Dumfound

Definitions

  • Webster's Revised Unabridged Dictionary
    • v. t Dumfound To strike dumb; to confuse with astonishment.
    • ***
Century Dictionary and Cyclopedia
    • dumfound To strike dumb; confuse; stupefy; confound.
    • ***
Chambers's Twentieth Century Dictionary
    • vs.t Dumfound to strike dumb: to confuse greatly: to astonish
    • ***

Etymology

Chambers's Twentieth Century Dictionary
A.S. dumb; Ger. dumm, stupid, Dut. dom.

Usage

In literature:

Mr. Carter seemed too dumfounded to speak.
"Paul and the Printing Press" by Sara Ware Bassett
But he said nothing as she paused: he was momentarily too dumfounded for speech, "I want my first one back," Cicily concluded.
"Making People Happy" by Thompson Buchanan
After I had finished playing he was dumfounded.
"Great Pianists on Piano Playing" by James Francis Cooke
You will be at first surprised, and then dumfounded, at what you formerly took for pleasure.
"The Higher Powers of Mind and Spirit" by Ralph Waldo Trine
The wife, as may be supposed, was dumfounded and uncertain what to do, if indeed she could do anything.
"The Young Ranchers" by Edward S. Ellis
The guests were dumfounded and amazed.
"Great Men and Famous Women. Vol. 5 of 8" by Various
He was surprised, dumfounded, overwhelmed.
"What's-His-Name" by George Barr McCutcheon
Phil saw them coming, and when he made out Dave he was almost dumfounded.
"Dave Porter and the Runaways" by Edward Stratemeyer
The engineer and fireman were dumfounded.
"Ralph on the Overland Express" by Allen Chapman
He slowly raised his head, and stared an instant at his stenographer in dumfounded silence.
"Counsel for the Defense" by Leroy Scott
Richling stood in his tracks dumfounded, crushed.
"Dr. Sevier" by George W. Cable
I knew what to do with his tatters, but that crimson thatch dumfounded me.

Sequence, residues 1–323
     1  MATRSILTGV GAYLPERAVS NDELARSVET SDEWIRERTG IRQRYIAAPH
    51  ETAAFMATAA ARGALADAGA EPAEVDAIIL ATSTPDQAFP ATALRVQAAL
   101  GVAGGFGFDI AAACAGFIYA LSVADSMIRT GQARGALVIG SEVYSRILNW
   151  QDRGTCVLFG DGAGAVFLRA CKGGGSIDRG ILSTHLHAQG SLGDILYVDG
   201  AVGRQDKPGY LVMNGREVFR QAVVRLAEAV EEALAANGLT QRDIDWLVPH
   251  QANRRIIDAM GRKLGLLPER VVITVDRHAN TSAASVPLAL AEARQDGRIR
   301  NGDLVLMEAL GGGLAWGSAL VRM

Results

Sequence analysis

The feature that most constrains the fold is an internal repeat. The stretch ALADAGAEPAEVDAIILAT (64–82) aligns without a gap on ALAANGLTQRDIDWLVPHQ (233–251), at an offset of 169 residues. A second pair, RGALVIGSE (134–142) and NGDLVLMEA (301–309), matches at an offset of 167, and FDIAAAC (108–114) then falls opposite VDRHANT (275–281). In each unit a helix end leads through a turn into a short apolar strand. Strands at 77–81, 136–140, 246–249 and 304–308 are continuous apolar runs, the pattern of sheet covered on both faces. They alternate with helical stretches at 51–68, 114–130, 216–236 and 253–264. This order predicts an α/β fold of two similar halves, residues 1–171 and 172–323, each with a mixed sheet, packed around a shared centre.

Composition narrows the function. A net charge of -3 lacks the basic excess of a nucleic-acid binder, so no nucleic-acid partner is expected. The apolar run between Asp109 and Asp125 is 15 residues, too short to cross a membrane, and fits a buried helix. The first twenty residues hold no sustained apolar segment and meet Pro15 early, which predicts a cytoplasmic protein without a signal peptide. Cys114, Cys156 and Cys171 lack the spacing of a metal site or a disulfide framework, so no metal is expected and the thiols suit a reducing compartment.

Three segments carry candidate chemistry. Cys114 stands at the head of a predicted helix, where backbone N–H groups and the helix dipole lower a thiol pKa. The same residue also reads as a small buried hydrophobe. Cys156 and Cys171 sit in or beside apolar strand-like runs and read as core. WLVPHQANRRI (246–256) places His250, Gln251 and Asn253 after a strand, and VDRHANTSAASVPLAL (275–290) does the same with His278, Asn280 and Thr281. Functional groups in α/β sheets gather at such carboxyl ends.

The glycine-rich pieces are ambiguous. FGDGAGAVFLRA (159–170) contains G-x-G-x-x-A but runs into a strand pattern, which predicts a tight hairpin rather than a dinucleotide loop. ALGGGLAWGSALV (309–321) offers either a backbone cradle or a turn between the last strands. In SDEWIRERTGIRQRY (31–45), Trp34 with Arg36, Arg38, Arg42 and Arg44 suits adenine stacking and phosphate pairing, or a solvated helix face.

"The O'Ruddy" by Stephen Crane
Eagen was dumfounded by Rathburn's sudden appearance.
"The Coyote" by James Roberts
It must be confessed that now he was all but dumfounded.
"Dave Porter At Bear Camp" by Edward Stratemeyer
All this took place so rapidly that the chevalier was dumfounded.
"A Romance of the West Indies" by Eugène Sue
Dumfounding it certainly was, the sudden transition from primeval nature without to this sumptuous interior.
"The Pines of Lory" by John Ames Mitchell
Maximilian stared dumfounded at his new magistrate in the role of criminal.
"The Missourian" by Eugene P. (Eugene Percy) Lyle
He for his part was only surprised, not dumfounded.
"When Ghost Meets Ghost" by William Frend De Morgan
Mr. Constable, though dumfounded at the disclosure, acted with commendable promptness.
"The Case and Exceptions" by Frederick Trevor Hill
The Janissaries, moreover, were dumfounded by this bold attitude.
"The Lion of Janina" by Mór Jókai
***

In poetry:

Dumfounder'd was he, nae sigh did he gie,
He mounted his mare - he rade cannily;
An' aften he thought, as he gaed through the glen,
She's daft to refuse the Laird o' Cockpen.
"The Laird of Cockpen" by Carolina Oliphant

In news:

The experience was said to render patients dumfounded, shuffling and mumbling like a Frankenstein without a tap-dancing routine.
So I was dumfounded — I even lost a bet — to discover in Florida that the American cowboy originated down here.
***